06 Jun, 2024

Understanding the Issue

In the construction industry, different aspects of a project are often managed separately, each progressing at its own pace. Imagine the four primary construction packages as distinct silos:

1. Structural

2. Architectural

3. Mechanical, Electrical, and Plumbing (MEP)

4. Passive Fire Protection (PFP)

Unfortunately, passive fire protection is frequently neglected during the early design phases until decisions in the other three silos have already been made and implemented. This can result in significant issues, as choices made in these early stages can create obstacles for effective fire protection later on.

Disjointed Progression Through the RIBA Plan of Work

Each silo typically moves through the RIBA Plan of Work independently and at different times. For example, the structural package might advance through RIBA stages 0, 1, 2, 3, 4, and 5 before the passive fire protection package has even reached stages 2 or 3. Consequently, structural elements that are already being erected on-site may need to be revisited and modified to accommodate fire protection requirements, leading to delays and increased costs.

Incomplete Designs and On-site Changes

Consider a scenario involving a steel frame with a cross-laminated timber (CLT) floor slab. There is no standard for the fire resistance of this combination, though some ad-hoc testing and guidance are under development. Additionally, there are no DIAP/EXAP rules for services passing through the timber slab. Such issues typically arise when the passive fire protection package reaches RIBA stage 3, while the structural package is already in stage 5 and under construction.

Similarly, on-site design changes, such as adding ducts for increased ventilation, can require cutting holes into structural elements like steel beams, compromising the fire protection measures previously applied. These unanticipated modifications can lead to significant costs, such as reinforcing cut steelwork or installing entirely new fire protection systems on already coated steelwork.

Building Safety Act Changes – Implications

Historically, construction projects have often followed a Construct-Design Approval model, with considerable overlap between stages. However, the Building Safety Act introduces stringent controls to mitigate these issues.

Gateway 1: RIBA Stage 0

This stage, implemented in October 2022, involves the planning application with stricter requirements for fire statements and the competence of those preparing and scrutinising them.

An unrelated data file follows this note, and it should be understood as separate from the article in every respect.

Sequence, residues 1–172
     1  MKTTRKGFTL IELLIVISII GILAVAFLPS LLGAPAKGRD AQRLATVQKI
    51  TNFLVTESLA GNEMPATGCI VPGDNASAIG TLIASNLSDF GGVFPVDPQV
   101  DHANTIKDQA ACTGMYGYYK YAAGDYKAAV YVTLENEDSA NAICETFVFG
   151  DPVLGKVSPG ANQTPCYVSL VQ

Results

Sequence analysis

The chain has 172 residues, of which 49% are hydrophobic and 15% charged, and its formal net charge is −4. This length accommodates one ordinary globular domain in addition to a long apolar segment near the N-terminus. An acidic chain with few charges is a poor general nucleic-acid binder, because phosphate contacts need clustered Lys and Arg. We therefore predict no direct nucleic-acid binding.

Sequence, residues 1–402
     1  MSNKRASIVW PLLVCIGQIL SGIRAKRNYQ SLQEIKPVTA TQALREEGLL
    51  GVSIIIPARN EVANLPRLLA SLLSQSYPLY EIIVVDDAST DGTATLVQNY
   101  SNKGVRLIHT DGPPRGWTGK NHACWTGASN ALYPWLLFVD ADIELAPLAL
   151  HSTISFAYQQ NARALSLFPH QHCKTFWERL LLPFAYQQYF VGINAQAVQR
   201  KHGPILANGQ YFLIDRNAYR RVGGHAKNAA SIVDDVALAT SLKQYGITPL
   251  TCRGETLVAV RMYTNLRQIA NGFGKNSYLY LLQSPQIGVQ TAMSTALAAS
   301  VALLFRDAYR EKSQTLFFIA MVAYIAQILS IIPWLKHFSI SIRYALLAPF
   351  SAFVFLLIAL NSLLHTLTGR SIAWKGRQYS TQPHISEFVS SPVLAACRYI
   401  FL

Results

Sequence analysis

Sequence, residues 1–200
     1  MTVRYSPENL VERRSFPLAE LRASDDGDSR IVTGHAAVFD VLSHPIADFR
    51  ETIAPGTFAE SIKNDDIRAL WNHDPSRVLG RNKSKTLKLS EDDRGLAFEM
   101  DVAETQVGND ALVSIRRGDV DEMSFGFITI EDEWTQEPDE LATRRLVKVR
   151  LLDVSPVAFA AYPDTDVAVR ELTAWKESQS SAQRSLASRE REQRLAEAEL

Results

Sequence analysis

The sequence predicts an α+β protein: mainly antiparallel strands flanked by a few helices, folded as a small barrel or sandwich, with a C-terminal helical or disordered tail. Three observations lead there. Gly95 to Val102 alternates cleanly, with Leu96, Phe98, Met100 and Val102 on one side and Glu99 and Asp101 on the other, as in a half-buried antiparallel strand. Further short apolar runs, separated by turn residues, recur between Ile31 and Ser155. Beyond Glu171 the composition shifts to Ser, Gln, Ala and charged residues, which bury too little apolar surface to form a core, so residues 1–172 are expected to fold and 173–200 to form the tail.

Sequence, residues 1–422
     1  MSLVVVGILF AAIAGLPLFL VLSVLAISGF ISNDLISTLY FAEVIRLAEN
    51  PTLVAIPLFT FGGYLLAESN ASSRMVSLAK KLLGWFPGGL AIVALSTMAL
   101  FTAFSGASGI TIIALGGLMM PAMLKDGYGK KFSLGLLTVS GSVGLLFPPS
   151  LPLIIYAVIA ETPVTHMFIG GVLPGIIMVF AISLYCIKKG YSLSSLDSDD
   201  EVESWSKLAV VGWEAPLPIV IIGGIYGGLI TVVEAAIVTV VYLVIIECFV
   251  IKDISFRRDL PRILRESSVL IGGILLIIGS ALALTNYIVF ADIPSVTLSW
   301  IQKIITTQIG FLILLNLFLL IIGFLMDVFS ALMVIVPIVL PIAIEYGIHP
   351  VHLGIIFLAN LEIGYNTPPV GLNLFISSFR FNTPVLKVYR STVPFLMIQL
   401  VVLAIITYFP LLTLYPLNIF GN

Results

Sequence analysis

Gateway 2: End of RIBA Stage 4

Since October 2023, construction cannot commence until the Building Safety Regulator confirms that the design meets safety requirements, providing a "hard stop" to prevent premature construction.

Gateway 3: End of RIBA Stage 5

This stage pertains to the completion and final certification before occupancy.

These gateways ensure that each phase is completed and approved before moving to the next, making it illegal to start construction before the design is approved and to build anything other than the approved design.

Responsibility for Passive Fire Protection Design

Determining responsibility for passive fire protection design is challenging. Typically, this responsibility is passed from the Principal Designer (PD) to the Principal Contractor (PC) and then to the Specialist Contractor, who is often required to revise decisions made 12-18 months earlier.

Ultimately, Principal Designers hold the legal responsibility for the design of passive fire protection. However, they often lack experience in this area. To address this, the Association for Specialist Fire Protection (ASFP) has released Advisory Note 33 (found via the following link - https://asfp.org.uk/page/ASFPTechnicalDocuments), which will provide guidelines to mitigate these risks. We also advocate for early discussions and design meetings involving the PD, PC, and specialist sub-contractor to preemptively address potential issues.

By integrating passive fire protection considerations early in the design phase and adhering to the structured phases introduced by the Building Safety Act, we can avoid costly modifications and ensure the safety and compliance of construction projects.